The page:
Happy New Year! This marks the beginning of our blog series learning how to do local SEO yourself. We hope you find the information valuable!
The term local SEO is becoming more and more popular nowadays. Reason being, in my opinion, is that small business owners are starting to look at the importance on getting found on the front page of major search engines for certain keywords for the sole purpose to bring in new business. They are starting to see the true value of ranking well on Google, Bing, Yahoo!, and review websites such as Yelp.
This is how I would define local SEO:
The process by which either an individual or agency performs industry standard practices for a local business attempting to rank for certain keywords in Google+ Local and traditional SERP’s (Search Engine Results Pages), and other search engines.
Here are a couple screen shots pointing that point out how local results are integrated into Google (you can click on either image to view the larger size):
It’s important to look at certain algorithm updates that Google has done in 2012, most notably the Venice update and the merge of Google Places over to Google+ Local. Google’s Venice update has two main points of focus. They are quoted below, if you would like to read the entire post, you can read it in its entirety at Google’s official search blog.
Improvements to ranking for local search results. [launch codename “Venice”] This improvement improves the triggering of Local Universal results by relying more on the ranking of our main search results as a signal.
Improved local results. We launched a new system to find results from a user’s city more reliably. Now we’re better able to detect when both queries and documents are local to the user.
Simply put, when you perform a search on Google you will see more and more local results for your search query, without having to put in the city you are located in. Try it for yourself, open up a new window or tab in and do a generic search on Google for automotive repair or personal injury attorney.
There you have it, Google’s Venice update in action. You should be seeing results that are targeted to the city you are located in. Prior to the Venice update, large companies dominated traditional SERP’s because they had a ton of traffic, a well established brand name, fresh content consistently, and links galore. The Venice update helped level the playing field, allowing local companies to get a slice of the pie.
In order to get on the “maps” portion of Google you needed to either claim or submit your Google Places listing for your business. Recently, Google merged all Google Places listings with Google+ and are now calling it Google+ Local. As of January 1, 2013, you can still edit and claim listings in Google Places, but it is not recommended as eventually it will all roll over to Google+ Local.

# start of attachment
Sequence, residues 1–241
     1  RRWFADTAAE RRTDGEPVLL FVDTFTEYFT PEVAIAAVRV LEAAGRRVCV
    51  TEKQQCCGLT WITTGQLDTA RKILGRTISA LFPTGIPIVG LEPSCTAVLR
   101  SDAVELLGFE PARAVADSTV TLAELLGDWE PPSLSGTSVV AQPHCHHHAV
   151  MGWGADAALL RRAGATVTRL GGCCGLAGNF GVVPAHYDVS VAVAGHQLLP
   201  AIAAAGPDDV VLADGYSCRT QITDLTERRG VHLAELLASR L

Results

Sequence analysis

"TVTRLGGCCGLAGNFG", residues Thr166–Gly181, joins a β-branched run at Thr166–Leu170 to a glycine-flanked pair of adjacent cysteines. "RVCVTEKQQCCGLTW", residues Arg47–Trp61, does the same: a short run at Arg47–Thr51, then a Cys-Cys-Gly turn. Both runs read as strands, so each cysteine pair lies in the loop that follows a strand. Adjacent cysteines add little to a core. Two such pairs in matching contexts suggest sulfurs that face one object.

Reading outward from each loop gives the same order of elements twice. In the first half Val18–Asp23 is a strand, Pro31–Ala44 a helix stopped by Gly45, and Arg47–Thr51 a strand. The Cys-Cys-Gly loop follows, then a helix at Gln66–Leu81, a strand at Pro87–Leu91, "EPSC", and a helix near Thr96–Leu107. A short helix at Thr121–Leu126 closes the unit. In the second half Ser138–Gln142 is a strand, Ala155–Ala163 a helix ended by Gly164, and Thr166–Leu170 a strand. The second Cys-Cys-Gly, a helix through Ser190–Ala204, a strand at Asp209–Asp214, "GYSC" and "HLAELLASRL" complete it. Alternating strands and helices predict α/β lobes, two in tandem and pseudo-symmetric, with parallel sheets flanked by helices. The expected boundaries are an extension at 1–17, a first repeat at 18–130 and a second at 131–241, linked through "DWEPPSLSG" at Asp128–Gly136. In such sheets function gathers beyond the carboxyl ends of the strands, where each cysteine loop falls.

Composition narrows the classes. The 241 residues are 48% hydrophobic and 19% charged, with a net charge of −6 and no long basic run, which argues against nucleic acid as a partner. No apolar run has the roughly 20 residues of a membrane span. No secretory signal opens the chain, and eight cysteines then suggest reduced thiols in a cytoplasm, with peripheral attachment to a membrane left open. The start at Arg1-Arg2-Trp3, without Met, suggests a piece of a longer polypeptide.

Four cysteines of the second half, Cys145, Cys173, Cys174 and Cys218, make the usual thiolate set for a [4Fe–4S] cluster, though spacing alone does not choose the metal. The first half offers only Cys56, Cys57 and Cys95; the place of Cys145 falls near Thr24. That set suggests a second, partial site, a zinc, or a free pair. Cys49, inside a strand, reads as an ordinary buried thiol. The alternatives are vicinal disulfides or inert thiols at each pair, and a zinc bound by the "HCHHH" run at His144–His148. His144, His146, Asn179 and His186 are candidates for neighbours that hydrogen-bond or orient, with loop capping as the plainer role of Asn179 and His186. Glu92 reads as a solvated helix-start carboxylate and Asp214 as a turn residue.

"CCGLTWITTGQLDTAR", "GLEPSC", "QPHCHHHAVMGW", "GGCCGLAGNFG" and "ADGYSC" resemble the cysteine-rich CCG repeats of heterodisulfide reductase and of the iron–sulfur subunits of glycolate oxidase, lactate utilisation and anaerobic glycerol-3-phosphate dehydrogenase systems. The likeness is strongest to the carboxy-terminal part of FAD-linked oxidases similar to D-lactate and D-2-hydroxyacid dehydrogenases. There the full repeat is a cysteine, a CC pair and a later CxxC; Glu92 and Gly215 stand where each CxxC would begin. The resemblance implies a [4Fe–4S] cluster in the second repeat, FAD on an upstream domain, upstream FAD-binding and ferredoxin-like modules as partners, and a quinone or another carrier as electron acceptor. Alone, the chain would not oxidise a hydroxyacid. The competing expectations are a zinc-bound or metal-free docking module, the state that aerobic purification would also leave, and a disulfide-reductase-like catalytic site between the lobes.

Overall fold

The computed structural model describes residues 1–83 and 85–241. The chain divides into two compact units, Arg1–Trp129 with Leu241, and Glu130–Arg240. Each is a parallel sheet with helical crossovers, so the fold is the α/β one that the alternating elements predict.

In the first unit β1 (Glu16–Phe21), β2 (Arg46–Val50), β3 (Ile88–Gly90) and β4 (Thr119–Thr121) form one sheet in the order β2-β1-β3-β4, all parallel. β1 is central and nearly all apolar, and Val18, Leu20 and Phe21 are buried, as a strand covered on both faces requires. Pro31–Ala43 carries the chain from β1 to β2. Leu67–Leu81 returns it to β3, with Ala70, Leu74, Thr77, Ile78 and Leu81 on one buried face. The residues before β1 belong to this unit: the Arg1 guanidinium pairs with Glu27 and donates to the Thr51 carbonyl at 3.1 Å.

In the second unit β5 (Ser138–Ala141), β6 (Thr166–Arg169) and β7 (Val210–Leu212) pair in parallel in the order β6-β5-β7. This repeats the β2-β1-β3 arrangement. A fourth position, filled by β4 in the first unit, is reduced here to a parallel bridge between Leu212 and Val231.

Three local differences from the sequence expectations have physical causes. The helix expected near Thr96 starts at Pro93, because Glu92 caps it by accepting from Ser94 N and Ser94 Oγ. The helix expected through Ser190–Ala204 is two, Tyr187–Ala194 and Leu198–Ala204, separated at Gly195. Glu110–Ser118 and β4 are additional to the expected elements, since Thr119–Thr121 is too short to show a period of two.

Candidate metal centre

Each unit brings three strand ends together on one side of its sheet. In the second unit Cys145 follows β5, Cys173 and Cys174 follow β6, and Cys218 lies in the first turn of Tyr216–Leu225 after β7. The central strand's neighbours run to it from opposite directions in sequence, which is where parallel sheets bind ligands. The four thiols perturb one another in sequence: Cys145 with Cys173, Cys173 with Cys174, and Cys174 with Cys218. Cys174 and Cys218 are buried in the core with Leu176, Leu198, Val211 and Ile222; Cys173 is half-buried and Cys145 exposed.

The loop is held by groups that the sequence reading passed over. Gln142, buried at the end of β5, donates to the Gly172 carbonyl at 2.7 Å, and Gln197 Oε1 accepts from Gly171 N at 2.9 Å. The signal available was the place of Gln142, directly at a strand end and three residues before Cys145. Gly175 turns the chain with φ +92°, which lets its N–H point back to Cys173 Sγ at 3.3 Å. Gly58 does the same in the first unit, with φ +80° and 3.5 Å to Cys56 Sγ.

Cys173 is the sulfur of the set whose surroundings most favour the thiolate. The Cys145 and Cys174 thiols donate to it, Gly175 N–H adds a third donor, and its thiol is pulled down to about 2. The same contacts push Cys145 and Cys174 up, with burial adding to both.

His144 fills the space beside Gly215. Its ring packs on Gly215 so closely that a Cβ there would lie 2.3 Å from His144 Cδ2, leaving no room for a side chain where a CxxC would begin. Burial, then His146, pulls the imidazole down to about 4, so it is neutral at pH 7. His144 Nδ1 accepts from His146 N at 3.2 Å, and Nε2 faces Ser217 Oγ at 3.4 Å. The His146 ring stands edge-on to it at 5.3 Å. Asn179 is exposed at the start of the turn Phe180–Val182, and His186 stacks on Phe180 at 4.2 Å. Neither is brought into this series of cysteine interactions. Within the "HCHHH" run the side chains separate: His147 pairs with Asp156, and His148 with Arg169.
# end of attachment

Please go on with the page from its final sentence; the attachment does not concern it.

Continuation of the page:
So how do you do local SEO? That is the aim of this blog series. I will show you how to do your own local SEO, from start to finish. I’m not asking for any type of compensation, the only thing I ask is that if you find these resources valuable, then please share them. Twice a week, every week, there will be new posts with a how-to video, supplanted with a text excerpt of the vidoe, and also a link to screenshots. The first month of these how-to’s will be discussing the following:
- The evolution and future of local SEO
- Why a small business needs local SEO
- What to expect in these how-to’s and how to track results
Some of the evolution of local SEO has already been talked about in this post. The evolution and future of local SEO post will go into greater detail from the beginning of when Google started to incorporate local results into SERP’s, structured microdata, authorship markup, and the future of local SEO.
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If you have any questions or comments, feel free to ask them in the comments section!
Thanks for reading,
Blake is the President & Founder of RicketyRoo Inc. He has more than 12 years of local SEO and paid search marketing experience working with a variety of small to medium-sized businesses. He’s a contributor to the Moz Local Search Ranking Factors and speaks at digital marketing conferences about local SEO.